GRACE mission reaches 15-year mark
The twin satellites of the Gravity Recovery and Climate Experiment (GRACE) mission have been collecting data about how water moves and is stored around Earth for 15 years – three times longer than originally planned. GRACE, a joint effort between NASA and two German agencies, was launched on March 17, 2002.
“With GRACE, we effectively created a new field of spaceborne remote sensing: tracking the movement of water via its mass,” said Michael Watkins, the original GRACE project scientist and now director of NASA’s Jet Propulsion Laboratory, Pasadena, California.
The greater an object’s mass is, the greater its gravitational pull. Massive mountain ranges exert more gravitational pull than flat plains. While this small difference isn’t noticeable to humans, it can be detected by satellites. When they orbit the Earth, satellites speed up slightly as they approach a massive object and slow down as they move away from it. Measuring changes in mass has been crucial to discovering how water and the solid Earth are changing in places that can’t be seen directly.
“The completely new idea about GRACE was the perception that measuring and tracking mass gives you a way to probe the Earth system,” said Principal Investigator Byron Tapley, University of Texas Center for Space Research (UTCSR) at Austin.
GRACE measures changes in mass through their effects on the two satellites orbiting Earth one behind the other about 137 miles (220 kilometers) apart. Small changes in the speed of the spacecraft caused by the mass below them alter the distance between them very slightly, by a few microns (a fraction of the diameter of a human hair). The spacecraft constantly beam microwave pulses at each other to measure the constantly fluctuating distance between them.
Onboard GPS keeps track of where the satellites are in relation to Earth’s surface, and onboard accelerators record forces on the spacecraft other than gravity – such as solar radiation and atmospheric drag. Scientists process these data to produce monthly maps of regional variations in global gravity which show how water on or near Earth’s surface has moved each month.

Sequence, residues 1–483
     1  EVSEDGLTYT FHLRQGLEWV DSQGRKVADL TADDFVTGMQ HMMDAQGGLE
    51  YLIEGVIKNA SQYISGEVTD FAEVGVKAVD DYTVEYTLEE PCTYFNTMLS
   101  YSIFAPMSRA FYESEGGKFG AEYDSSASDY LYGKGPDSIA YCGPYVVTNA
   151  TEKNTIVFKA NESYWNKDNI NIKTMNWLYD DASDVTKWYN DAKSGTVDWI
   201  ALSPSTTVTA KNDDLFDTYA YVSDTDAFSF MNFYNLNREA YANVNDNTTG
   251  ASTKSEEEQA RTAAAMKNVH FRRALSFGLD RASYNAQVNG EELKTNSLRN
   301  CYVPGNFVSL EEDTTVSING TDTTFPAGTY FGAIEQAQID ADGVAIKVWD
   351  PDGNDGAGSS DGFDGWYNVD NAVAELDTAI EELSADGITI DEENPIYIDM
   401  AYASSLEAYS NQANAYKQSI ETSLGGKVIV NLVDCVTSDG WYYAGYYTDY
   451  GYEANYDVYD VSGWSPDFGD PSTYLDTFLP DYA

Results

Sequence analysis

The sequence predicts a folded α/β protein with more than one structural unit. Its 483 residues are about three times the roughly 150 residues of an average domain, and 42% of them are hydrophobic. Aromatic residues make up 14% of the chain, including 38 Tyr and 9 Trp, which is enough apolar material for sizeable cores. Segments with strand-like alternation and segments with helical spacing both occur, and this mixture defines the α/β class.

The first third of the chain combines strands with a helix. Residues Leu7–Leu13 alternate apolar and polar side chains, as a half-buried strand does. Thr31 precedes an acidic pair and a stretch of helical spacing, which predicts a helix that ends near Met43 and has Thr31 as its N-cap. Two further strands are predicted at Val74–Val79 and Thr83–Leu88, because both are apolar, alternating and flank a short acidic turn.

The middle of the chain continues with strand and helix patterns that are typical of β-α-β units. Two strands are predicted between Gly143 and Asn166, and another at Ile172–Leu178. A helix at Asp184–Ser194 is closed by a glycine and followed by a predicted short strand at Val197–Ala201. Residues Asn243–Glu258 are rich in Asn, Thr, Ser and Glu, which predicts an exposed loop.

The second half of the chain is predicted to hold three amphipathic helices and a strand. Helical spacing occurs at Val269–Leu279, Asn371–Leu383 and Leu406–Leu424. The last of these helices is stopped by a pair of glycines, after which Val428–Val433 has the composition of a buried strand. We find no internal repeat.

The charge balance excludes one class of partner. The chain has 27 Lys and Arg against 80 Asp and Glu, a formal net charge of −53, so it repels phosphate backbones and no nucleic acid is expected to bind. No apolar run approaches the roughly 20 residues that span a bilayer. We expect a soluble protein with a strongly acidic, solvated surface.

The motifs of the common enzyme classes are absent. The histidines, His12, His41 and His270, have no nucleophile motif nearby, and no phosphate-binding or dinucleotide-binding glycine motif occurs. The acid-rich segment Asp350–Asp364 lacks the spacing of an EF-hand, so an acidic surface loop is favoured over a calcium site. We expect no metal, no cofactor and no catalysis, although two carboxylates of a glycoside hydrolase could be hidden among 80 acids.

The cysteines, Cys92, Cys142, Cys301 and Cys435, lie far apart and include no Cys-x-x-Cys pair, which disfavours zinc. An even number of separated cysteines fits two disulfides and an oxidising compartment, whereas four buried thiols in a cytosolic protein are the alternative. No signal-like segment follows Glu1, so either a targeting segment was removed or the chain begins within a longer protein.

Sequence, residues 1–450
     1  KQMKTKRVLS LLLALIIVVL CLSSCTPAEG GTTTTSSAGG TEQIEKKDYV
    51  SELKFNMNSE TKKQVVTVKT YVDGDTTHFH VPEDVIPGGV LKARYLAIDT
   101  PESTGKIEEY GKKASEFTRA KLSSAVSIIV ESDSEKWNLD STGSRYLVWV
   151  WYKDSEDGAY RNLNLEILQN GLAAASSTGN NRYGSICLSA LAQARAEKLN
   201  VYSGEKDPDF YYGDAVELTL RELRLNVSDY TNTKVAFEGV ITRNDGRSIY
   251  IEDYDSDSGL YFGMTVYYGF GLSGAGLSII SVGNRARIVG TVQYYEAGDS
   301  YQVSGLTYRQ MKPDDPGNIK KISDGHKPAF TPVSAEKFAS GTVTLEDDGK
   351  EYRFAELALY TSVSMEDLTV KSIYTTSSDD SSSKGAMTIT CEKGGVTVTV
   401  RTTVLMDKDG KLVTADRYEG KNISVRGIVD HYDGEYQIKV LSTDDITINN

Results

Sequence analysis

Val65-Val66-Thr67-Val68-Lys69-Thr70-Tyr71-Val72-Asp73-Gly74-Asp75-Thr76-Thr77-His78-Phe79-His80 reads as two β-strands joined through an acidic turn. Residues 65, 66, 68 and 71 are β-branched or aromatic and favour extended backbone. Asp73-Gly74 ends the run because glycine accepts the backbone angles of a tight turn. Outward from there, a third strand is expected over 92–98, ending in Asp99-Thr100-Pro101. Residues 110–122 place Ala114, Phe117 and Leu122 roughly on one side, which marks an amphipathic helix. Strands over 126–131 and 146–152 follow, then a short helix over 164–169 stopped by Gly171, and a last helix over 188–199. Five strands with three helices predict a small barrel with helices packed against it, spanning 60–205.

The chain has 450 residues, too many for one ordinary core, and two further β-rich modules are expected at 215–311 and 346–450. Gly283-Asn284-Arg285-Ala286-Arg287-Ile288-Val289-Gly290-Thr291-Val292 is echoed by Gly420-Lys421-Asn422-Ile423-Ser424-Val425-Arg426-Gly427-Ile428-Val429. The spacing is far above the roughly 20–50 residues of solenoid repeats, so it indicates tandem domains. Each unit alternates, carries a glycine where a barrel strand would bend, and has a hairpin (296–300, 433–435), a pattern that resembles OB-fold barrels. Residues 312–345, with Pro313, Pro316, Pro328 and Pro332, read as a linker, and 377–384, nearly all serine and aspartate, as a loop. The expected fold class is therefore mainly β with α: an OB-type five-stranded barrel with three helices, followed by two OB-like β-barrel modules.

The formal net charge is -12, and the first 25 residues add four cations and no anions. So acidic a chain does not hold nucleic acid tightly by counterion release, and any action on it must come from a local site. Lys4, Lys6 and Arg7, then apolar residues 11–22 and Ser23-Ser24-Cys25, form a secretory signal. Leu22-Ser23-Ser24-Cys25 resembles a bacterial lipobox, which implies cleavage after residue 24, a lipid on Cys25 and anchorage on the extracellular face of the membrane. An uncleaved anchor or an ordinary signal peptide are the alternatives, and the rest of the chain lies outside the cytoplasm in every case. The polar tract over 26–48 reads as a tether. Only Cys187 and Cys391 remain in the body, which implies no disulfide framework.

GRACE is a collaboration between NASA and two German partners: the Deutsches Zentrum für Luft- und Raumfahrt (DLR, the German Aerospace agency) and the Helmholtz Centre Potsdam German Research Centre for Geosciences (GFZ). The twin satellites were built in Germany at Airbus Defence and Space and DLR procured a Russian “Rockot” as the launch vehicle.
Researchers worldwide have used the data collected by GRACE during its 15 years of operation. GRACE has contributed greatly to the measurement of water stored in soil and underground aquifers and data from the mission are used in preparing weekly maps of U.S. drought risk.
“I can’t think of another set of measurements that have so revolutionized the science,” said JPL Senior Water Scientist Jay Famiglietti.
Scientists studying ice sheets and glaciers have used the GRACE data set to measure the rate of ice loss in Antarctica and Greenland, two of the world’s most difficult places to collect data. Since GRACE launched, its measurements show Greenland has been losing about 280 gigatons of ice per year on average – a bit less than twice the weight of Mt. Everest – and Antarctica has lost slightly under 120 gigatons a year. GRACE data can also be used to study changes in sea levels and ocean temperatures.
While GRACE project managers have been able to extend the mission for three times as long as originally planned, the spacecraft will probably run out of fuel this summer. NASA and GFZ have been working since 2012 on a new mission called GRACE Follow-On (GRACE-FO). Germany will again procure the launch vehicle and the twin satellites built at Airbus in Germany.
“With GRACE, we have gained new insight into how global and regional water resources are evolving,” said Frank Webb, the GRACE-FO project scientist. “Through GRACE-FO, we will extend into the next decade our capacity to gain an accurate picture of the global water cycle.”
GRACE-FO is scheduled to launch sometime between December 2017 and February 2018. The new satellites will use similar hardware to GRACE and will carry a technology demonstrator with a new laser ranging instrument to track the distance between the two satellites. The laser instrument has the potential to produce an even more accurate measurement.
“GRACE-FO allows us to continue the revolutionary legacy of GRACE,” said JPL’s Watkins. “There are sure to be more unexpected and innovative findings ahead.”
Video courtesy of NASA
Jim Sharkey is a lab assistant, writer and general science enthusiast who grew up in Enid, Oklahoma, the hometown of Skylab and Shuttle astronaut Owen K. Garriott. As a young Star Trek fan he participated in the letter-writing campaign which resulted in the space shuttle prototype being named Enterprise. While his academic studies have ranged from psychology and archaeology to biology, he has never lost his passion for space exploration. Jim began blogging about science, science fiction and futurism in 2004. Jim resides in the San Francisco Bay area and has attended NASA Socials for the Mars Science Laboratory Curiosity rover landing and the NASA LADEE lunar orbiter launch.